“Tell your story all day long,” recommended Bruce Rasa, who founded AgVoice in 2015 to aid farmers and ranchers in recording data hands-free via voice technology. The more you tell it, the more chances you have to gather data points that will guide you to the best manifestation of that narrative.
2. Properly evaluating sales channels is crucially important for small producers.
It’s not just about nailing the right story or message, but also about getting that message in front of the right people. “If you’re communicating to the wrong audience, your message often falls on deaf ears,” Elliot Roth, founder of LA-based Spira Inc., pointed out.
As urban agriculture consultants, we’ve seen this happen all too often with new entrepreneurs who have not fully examined the nuances of various sales channels, investing themselves too quickly in one specific strategy they’re most familiar with. “Every experience is unique; every market is local,” advised Emma Cosgrove, a former industry consultant who now reports for Supply Chain Dive. Therefore, she recommended, “Evaluate every opportunity on its own merits…and never put all your eggs in one basket.”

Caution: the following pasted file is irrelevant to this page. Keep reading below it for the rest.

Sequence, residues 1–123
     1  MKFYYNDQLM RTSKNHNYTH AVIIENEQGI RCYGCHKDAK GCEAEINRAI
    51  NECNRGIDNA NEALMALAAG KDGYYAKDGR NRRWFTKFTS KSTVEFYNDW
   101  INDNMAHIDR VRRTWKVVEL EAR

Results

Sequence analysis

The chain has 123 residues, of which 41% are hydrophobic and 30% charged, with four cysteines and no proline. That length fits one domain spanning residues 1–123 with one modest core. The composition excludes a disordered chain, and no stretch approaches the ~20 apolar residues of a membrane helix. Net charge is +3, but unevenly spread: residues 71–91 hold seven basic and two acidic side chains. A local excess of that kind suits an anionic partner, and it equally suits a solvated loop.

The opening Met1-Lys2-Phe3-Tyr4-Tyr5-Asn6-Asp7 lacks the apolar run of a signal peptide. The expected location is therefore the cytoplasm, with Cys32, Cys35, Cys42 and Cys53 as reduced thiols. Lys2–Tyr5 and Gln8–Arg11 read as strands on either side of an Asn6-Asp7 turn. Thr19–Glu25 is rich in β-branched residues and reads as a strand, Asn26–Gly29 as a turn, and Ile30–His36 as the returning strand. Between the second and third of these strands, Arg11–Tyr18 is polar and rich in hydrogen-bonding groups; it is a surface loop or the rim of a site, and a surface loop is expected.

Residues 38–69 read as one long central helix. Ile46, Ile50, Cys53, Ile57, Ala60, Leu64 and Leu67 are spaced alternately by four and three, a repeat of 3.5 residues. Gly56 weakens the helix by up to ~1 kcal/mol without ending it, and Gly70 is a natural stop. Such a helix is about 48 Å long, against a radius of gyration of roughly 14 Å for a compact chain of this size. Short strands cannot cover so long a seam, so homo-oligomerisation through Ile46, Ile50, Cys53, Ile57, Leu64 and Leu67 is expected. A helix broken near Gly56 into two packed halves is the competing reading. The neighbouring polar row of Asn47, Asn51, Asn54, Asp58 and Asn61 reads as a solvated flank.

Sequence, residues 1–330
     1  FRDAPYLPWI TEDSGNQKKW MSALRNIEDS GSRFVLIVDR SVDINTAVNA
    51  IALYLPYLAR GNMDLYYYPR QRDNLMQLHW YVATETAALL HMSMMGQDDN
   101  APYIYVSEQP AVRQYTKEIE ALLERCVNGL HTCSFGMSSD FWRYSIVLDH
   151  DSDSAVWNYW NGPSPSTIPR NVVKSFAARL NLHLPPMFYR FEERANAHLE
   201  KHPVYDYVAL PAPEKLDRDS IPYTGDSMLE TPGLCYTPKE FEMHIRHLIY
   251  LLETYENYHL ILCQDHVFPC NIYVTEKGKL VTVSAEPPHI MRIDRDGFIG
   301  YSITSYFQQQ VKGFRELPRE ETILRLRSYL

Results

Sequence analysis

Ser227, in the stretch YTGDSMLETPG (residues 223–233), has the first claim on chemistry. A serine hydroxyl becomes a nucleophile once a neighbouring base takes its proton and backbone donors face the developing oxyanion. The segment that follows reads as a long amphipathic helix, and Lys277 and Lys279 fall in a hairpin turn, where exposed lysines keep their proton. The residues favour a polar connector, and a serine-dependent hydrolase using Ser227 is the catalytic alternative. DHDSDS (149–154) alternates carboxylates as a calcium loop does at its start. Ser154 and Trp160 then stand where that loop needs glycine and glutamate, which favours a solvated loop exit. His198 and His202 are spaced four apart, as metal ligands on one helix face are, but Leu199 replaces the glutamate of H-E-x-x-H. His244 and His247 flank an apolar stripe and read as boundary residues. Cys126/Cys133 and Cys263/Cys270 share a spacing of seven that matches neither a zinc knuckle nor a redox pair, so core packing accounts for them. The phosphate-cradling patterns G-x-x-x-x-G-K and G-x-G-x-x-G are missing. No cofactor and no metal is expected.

Johnna Hepner of PMA highlighted the steps that some large buyers are now taking to accommodate local producers, such as credits for farm audits to ensure that these smaller growers are not getting left behind when it comes to food safety standards. Brian Berry of Delta Air Lines and Kristin Sherman of Whole Foods provided first-hand accounts of local producers who were able to land these sought-after accounts. Sherman’s advice: it’s the little things. Having a plan to scale is good, but consider your ability to make accurate sales forecasts and maintain compliance standards, too.
3. If we want to solve issues regarding food access and waste, it’s about creating distribution solutions as much as anything else.